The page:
The Junior High Choral Contest (well-intentioned but horribly off-key fanfare)
at Ye Olde Academy
has a bad habit of sneaking up on me every year. The 7th and 8th grade classes pick their songs in mid September, figure out who is going to do what during the first part of October, and then spend the next few weeks rehearsing like crazy. With a bit of luck, hard work, and a few miracles here and there, maybe they get their act together by the time the event takes place during the second week of November.
It's a time when my musical experience is actually acknowledged outside the music club, for better or worse. In the past, when I was first based in the senior high school and then assigned to the grade 9 staff every year, I was always asked to be a judge (since grade 9 doesn't participate)
. However, when I started getting stuck to grade 7 every year from a few years ago, I could no longer be considered impartial, so my role changed completely. It also became a lot more complicated. Since I'm an assistant
homeroom teacher every year, it would be only logical to assume that I help my own class each time. That assumption would be correct, but it's not quite that simple. You see, preparation for the choral competition is traditionally the responsibility of the music teachers and each class's homeroom teacher, and they tend to be possessive with regard to their turf. The assistant homeroom teacher rarely even enters the picture. The degree and content of my participation, therefore, tends to be something of a dilemma.
The first time I was attached to a 7th grade class, the homeroom teacher invited my participation almost from the beginning. Not a very assertive person, he mainly wanted me to help keep the kids in line. There were a few screw-offs (Boys are rarely very enthusiastic about it)
, but for the most part the kids did what I asked and got a reasonably good result. That was very different from two years ago, when the homeroom teacher apparently kept me out on purpose because she knew I would take the event seriously. (She only wanted the kids to enjoy themselves.)
I was only brought in as a last resort, but by then there was a simmering feud between the boys and the girls, the boys had more or less gone on strike, and the homeroom teacher had pretty much given up. The whole thing was dropped in my lap. It seemed like trying to beat a dead horse, but I somehow managed to brush them up enough to keep them from getting last place. Last year was almost the exact opposite; we had a very cooperative class, and the (P.E. department)
homeroom teacher drove them like a sports trainer. I was brought in two weeks before the contest to tune up some nagging rough spots as well as train the student directors. The kids did an outstanding job, the class got second place overall, the director I trained the hardest got an award, and I got absolutely no credit or thanks whatsoever. (The homeroom teacher got a touching thank-you speech at the contest and a gift. What did I get? An apology from the homeroom teacher. Oh, well. At least we were successful.)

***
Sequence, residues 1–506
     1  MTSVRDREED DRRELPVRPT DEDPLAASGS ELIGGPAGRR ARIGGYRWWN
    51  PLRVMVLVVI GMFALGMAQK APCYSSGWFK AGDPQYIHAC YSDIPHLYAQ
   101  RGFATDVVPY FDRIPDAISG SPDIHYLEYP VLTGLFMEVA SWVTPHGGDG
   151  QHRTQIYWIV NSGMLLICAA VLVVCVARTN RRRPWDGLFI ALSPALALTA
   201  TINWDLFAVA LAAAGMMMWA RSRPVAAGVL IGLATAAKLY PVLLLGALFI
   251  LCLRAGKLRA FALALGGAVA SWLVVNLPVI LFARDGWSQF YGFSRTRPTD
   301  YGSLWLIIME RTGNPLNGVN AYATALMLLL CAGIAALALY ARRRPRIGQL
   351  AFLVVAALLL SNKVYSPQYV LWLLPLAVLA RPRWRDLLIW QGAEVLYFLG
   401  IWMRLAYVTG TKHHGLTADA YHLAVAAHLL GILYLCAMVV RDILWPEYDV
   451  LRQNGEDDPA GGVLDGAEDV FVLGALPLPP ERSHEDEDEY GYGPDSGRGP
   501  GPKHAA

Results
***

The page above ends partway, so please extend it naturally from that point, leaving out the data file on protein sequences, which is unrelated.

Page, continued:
And as for this year...
Once again I'm assisting a homeroom teacher from the P.E. department, though he's a rather different sort of person. The class itself consists of kids who are generally pretty good but extremely childish. The sudden, tragic death of one of their classmates at the beginning of the school year, and all the complications it brought, probably had some effect on them, as well. I knew they had started rehearsing for the contest, but I wasn't told anything until I asked. (The homeroom teacher explained that he'd thought I'd been too busy to help.)
I was finally asked to observe a rehearsal and give some pointers a little more than a week before the contest. It was kind of rough, but I wasn't really concerned (yet)
. The students then asked me to work with them after school. A lot more girls showed up than boys, and getting the boys to do anything was a bit of a chore, but we spent a good hour and a half training. I thought we accomplished a lot.
Jump to two days later (October 31st...Halloween)
. It was now exactly one week before the contest. The homeroom teacher was away, and so was one of the regular lesson teachers for that day, so I was asked to work with the kids. It was a disaster. The boys in particular wasted an extraordinary amount of time getting into formation, and even then they were clearly more interested in poking each other than practicing. When the first student director started the compulsory song, there was still a lot of laughing and chattering going on even despite my urgings. Once the song got going, however, it turned out that most of the boys didn't even know the tune! The elective song, which I had focused on before, was only marginally better; the entrances were weak, the intonation was painfully hideous, the basses kept singing the soprano part instead of their own (albeit an octave lower)
, and the harmony kept falling apart because of rushing. Needless to say, it sounded awful.
I was stunned.
First I turned my attention to the student director for the elective song. I had worked with her a lot getting her to direct in such a way that the singers knew clearly when to come in. But now she was directing as she had before, just swinging her arms around in a way that made no sense. "Don't you remember what we worked on before?" I asked. "Show the singers the entrance!" The girl, normally a shy, serious sort, responded by looking askance at me and replying dismissively, "The chief music teacher told me that this way is better." "She's right!" added the accompanist. "He really did! I heard him!"
That couldn't possibly be right. I work closely with the chief music teacher, and he has given me a lot of personal instruction in conducting. (We even took conducting lessons from the same specialist!)
I know he would never approve of that kind of "directing", and I said so, but those two students adamantly refused to follow my advice. I then turned my attention to trying to fix the problems in the chorus, particularly the sloppy entrances, but the overwhelming majority of the students seemed to be treating the whole thing as a joke. Not only was there a lot of giggling and screwing around instead of listening to my instruction and doing the drills, but some of the students (one of them the bass part leader)
were spending the whole time mocking my American pronunciation of Japanese. Finally I said, "Okay, I guess I'm done. Fix it yourselves!" I then planted myself in a chair.